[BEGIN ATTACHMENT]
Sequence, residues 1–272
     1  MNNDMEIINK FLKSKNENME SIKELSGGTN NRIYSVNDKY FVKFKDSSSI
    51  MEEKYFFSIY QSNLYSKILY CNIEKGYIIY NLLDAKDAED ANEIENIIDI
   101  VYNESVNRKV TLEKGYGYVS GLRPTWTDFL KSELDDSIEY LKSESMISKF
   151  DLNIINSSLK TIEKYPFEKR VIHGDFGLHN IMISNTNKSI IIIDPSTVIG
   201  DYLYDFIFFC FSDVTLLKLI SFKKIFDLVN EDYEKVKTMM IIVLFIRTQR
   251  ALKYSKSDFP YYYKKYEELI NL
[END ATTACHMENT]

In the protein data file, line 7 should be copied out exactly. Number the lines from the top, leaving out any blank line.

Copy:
   251  ALKYSKSDFP YYYKKYEELI NL